Now don’t get me wrong – some will indeed claim that cannabis is addictive. For example, the Boggs Act of 1951 established mandatory sentences for drug users and also claimed that cannabis was addictive. But since then, testimony given by Dr. Harris Isbell, Director of Research at the Public Health Service hospital in Lexington, Kentucky exposed this as false, explaining how cannabidiols from marijuana are not physically addictive.

But Dr. Isbell’s research was mostly ignored, and instead overshadowed by the argument that the plant inevitably is the stepping stone to heroin addiction, and the calling for harsh penalties against offenders of the marijuana laws. But the concept of marijuana as a “gateway drug” remains completely unproven.

In over 6,000 years of usage in Oriental Medicine, there have been no cases of addiction reported (although Emperor Fu Hsi referred to cannabis as a popular remedy as early as 2,900 BC).

In the early 1900s, as part of the Prohibition movement, cannabis was claimed by many to be addictive. But this was not based on research, and ironically the recommended treatment for cannabis “addiction” in most cases was the use of heroin.

An actual long term study, Ganja in Jamaica: A Medical Anthropological Study of Chronic Marijuana Use, which was published in the Journal of the American Medical Association in 1975, showed zero concerns with addiction, even after patients who had used cannabis for decades had stopped. The 1980 study Cannabis in Costa Rica: A Study in Chronic Marijuana Use backed this up. Most interestingly, studies like this are not finding any addictive potential even in the presence of THC along with the CBD!

In the early 1990’s, rehabilitation facilities did indeed experience a significant surge of patients who were “addicted” to cannabis. But a survey done at that time noted that nearly all of them had come from the court system, where judges gave convicted criminals the choice between entering into treatment for addiction or entering prison, which was probably a pretty simple choice for most.

Later in the 1990’s, the National Institute on Drug Abuse (NIDA) funded research that had the goal of proving that cannabis is addictive. But instead of identifying any biochemical pathway that could cause addiction, any research defined addiction by the presence or absence of some degree of withdrawal, with no specific parameters for withdrawal actually defined. In other words, if you’re thirsty, this NIDA-funded research could argue that this means you are addicted to water.

As a matter of fact, here’s what this article reported about NIDA.

The ugly truth is that the US National Institute on Drug Abuse (NIDA), the agency that oversees 85 percent of the world’s research on controlled substances, is on record stating that its institutional policy is to reject any and all medical marijuana research. “As the National Institute on Drug Abuse, our focus is primarily on the negative consequences of marijuana use,” a NIDA spokesperson told The New York Times in 2010. “We generally do not fund research focused on the potential beneficial medical effects of marijuana.”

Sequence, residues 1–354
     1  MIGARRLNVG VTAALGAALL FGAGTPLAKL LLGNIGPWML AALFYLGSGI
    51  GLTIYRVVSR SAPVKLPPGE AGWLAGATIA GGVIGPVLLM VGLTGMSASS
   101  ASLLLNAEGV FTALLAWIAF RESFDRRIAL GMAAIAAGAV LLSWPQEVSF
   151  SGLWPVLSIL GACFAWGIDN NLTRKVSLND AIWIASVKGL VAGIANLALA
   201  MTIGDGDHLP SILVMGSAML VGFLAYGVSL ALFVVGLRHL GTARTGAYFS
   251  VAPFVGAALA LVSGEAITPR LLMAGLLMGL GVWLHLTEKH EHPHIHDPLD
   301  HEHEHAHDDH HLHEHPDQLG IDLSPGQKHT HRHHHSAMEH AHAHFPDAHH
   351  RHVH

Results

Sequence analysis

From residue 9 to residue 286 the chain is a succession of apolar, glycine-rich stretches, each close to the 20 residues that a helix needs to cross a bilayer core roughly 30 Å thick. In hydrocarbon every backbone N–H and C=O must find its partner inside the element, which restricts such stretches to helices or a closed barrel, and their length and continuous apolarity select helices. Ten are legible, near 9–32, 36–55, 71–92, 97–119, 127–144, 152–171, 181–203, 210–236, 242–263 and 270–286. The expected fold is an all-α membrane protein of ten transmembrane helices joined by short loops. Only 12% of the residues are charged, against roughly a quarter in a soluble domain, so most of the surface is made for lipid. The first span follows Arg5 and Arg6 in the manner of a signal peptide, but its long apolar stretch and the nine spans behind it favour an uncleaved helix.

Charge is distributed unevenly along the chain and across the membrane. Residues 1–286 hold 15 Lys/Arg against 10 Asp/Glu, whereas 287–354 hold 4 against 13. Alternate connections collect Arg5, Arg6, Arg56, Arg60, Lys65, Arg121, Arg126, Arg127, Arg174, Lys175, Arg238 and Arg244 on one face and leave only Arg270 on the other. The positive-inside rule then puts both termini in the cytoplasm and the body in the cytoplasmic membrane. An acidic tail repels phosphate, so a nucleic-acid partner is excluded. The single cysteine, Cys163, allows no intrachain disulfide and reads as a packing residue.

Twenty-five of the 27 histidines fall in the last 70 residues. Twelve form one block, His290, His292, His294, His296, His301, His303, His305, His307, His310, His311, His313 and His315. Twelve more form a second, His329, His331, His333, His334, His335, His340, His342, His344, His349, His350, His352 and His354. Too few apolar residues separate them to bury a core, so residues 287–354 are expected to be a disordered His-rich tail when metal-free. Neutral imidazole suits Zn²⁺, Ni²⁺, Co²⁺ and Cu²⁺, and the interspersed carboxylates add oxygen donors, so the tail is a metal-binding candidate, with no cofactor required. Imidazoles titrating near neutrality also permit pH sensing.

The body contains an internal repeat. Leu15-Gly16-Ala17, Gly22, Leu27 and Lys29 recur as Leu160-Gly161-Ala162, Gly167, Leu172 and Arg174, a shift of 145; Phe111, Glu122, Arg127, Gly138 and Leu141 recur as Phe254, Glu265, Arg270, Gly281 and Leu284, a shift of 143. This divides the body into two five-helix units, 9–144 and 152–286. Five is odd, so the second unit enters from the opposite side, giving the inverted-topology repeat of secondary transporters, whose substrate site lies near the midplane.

And how about the safety of cannabis?

Dr. Lester Grinspoon, Professor Emeritus at Harvard Medical School, spent the majority of his professional life studying cannabis, from the 1960’s to 2000’s. The result was “Marijuana: The Forbidden Medicine“. As you can see, Dr. Grinspoon didn’t find one single case of death, stating that

“There are no deaths from cannabis use. Anywhere. You can’t find one.”

There are dozens of other doctors and similar studies, too many to list here – but you can certainly delve in at ProjectCBD website. On September 6, 1988 Francis Young, an administrative DEA judge, took medical testimony for over two weeks, and at the end of it, he said,

“Marijuana, in its natural form, is one of the safest therapeutically active substances known to man.”

Once again, even when talking about the THC combined with the CBD, and not the isolated, non-psychoactive CBD component, marijuana is shown to be both non-addictive and safe.

But when it comes to pain management, one of the primary uses for CBD oil, deaths from drug overdoses and drug poisoning continue to rise. Deaths from opioid analgesics – one of the most universally prescribed pain management drugs – increased from 4,030 in 1999 to 15,597 in 2009 and 16,651 in 2010. In 2010, 60 percent of all drug overdose deaths (22,134) involved pharmaceutical drugs, and opioid analgesics showed up in about 3 of every 4 of those pharmaceutical overdose deaths. That confirms the predominant role that research has shown opioid analgesics to play in drug-related mortality. Opioids are nasty, brutal drugs with side effects nearly as bad as the conditions they’re taken for, and although deaths from opiods are common, they’re still one of the most turned to bandaids in modern medicine.

CBD in proper dosages gives nearly the same pain reduction compared to opioid prescription drugs such as morphine, hydrocodone, and oxycodone are examples, and when combined with these drugs, allows you to use far less of the actual prescription, thus reducing the toxic load on your liver and kidneys. And of course, as you already know, these benefits come without the proven addictive or unsafe nature of opioid drugs.

Considering the complete non-addictiveness and safety of cannabis, Dr. James Hudson, PhD, Professor Emeritus, University of British Columbia Department of Pathology and Lab Medicine, has said that pharmaceutical companies have an enormous incentive to chemically recreate the natural compounds in marijuana and somehow sell a drug from it. You probably already know this, but pharmaceutical companies can’t patent a natural compound, but if they can make a synthetic compound that mimics ingredient from cannabis, they can formulate that as a drug and potentially make a lot more money off of it.